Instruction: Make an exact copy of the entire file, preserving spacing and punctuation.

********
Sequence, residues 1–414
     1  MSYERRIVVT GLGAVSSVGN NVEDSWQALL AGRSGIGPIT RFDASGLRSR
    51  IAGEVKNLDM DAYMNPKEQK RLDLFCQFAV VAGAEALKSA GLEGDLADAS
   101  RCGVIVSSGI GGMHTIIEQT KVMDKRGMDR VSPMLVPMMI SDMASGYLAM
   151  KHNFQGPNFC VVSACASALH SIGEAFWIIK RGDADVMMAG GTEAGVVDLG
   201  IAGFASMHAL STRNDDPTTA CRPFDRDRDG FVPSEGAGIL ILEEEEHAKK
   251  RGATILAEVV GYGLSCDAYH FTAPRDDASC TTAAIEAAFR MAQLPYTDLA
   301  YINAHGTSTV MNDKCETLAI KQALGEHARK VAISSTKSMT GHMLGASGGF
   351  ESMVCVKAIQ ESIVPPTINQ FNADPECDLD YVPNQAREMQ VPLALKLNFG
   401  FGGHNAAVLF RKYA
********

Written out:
Sequence, residues 1–414
     1  MSYERRIVVT GLGAVSSVGN NVEDSWQALL AGRSGIGPIT RFDASGLRSR
    51  IAGEVKNLDM DAYMNPKEQK RLDLFCQFAV VAGAEALKSA GLEGDLADAS
   101  RCGVIVSSGI GGMHTIIEQT KVMDKRGMDR VSPMLVPMMI SDMASGYLAM
   151  KHNFQGPNFC VVSACASALH SIGEAFWIIK RGDADVMMAG GTEAGVVDLG
   201  IAGFASMHAL STRNDDPTTA CRPFDRDRDG FVPSEGAGIL ILEEEEHAKK
   251  RGATILAEVV GYGLSCDAYH FTAPRDDASC TTAAIEAAFR MAQLPYTDLA
   301  YINAHGTSTV MNDKCETLAI KQALGEHARK VAISSTKSMT GHMLGASGGF
   351  ESMVCVKAIQ ESIVPPTINQ FNADPECDLD YVPNQAREMQ VPLALKLNFG
   401  FGGHNAAVLF RKYA